Prime Minister Theresa May announced her resignation in an emotional address on Friday, ending a dramatic three-year tenure of near-constant crisis over Brexit and increasing the likelihood of Britain crashing out of the EU later this year.
"It is and will always remain a matter of deep regret to me that I have not been able to deliver Brexit," May, her voice breaking and close to tears, said outside her Downing Street office.
The 62-year-old leader said she would step down as head of the Conservative Party on June 7.
She will remain as prime minister in a caretaker role until a replacement is elected by the party before July 20.
Tory MPs will hold a series of votes to whittle the contenders down to a final two that will be put to the party's more than 100,000 members.
Former foreign secretary and gaffe-prone Brexit cheerleader Boris Johnson is the membership's favourite, but numerous Conservative MPs are thought to hold serious reservations about his suitability for the top job.
Johnson, who has repeatedly said Britain should not fear a no-deal Brexit, thanked May for her "stoical service".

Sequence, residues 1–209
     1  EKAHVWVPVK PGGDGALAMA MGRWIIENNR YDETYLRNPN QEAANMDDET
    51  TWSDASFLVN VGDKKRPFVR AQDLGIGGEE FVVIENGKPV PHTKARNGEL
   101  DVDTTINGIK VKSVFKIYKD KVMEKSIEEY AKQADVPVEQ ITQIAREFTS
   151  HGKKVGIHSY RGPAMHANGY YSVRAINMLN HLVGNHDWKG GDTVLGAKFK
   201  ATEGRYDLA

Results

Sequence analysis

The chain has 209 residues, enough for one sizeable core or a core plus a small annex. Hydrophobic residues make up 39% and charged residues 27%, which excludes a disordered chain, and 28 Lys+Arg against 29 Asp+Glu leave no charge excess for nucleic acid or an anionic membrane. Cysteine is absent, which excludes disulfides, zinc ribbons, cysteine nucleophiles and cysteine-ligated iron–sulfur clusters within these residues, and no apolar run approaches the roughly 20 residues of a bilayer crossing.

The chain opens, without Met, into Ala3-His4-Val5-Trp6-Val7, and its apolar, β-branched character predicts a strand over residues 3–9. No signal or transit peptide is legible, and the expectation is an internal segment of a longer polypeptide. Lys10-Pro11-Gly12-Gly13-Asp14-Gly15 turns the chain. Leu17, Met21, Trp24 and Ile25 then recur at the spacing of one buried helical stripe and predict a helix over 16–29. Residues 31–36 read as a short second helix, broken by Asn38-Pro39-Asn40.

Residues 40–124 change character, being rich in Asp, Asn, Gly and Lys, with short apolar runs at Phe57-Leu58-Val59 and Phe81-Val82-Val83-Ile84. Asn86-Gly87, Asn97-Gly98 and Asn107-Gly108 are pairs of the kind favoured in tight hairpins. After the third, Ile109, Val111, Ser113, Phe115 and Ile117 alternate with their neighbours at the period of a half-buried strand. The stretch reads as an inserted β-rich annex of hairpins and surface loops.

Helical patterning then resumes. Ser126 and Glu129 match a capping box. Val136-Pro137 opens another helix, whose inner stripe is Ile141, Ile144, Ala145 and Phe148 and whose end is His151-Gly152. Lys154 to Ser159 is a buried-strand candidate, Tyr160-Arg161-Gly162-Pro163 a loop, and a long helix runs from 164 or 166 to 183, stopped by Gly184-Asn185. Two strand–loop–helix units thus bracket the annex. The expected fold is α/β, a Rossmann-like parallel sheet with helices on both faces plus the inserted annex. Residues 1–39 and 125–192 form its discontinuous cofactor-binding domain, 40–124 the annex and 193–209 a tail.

"It is now time to follow her urgings: to come together and deliver Brexit," he said on Twitter.
May was the surprising victor in a 2016 leadership contest to replace then prime minister David Cameron after he resigned in the aftermath of the Brexit referendum.
Despite having campaigned to stay in the EU, she embraced the cause with the mantra "Brexit means Brexit".
However the decision to hold a disastrous snap election in June 2017, when she lost her parliamentary majority, left her stymied.
Her dismally dysfunctional government saw 36 ministerial resignations – a modern record.
May will leave office without any significant achievements – other than her bungled handling of Brexit, according to political analysts.
"She doesn't really have a legacy," said Simon Usherwood, from the University of Surrey's politics department. "I think anybody in her position would have had great difficulty."
Others were more brutal in their assessment.
"It was only an impossible job because she made it one," said Tim Bale of Queen Mary University of London.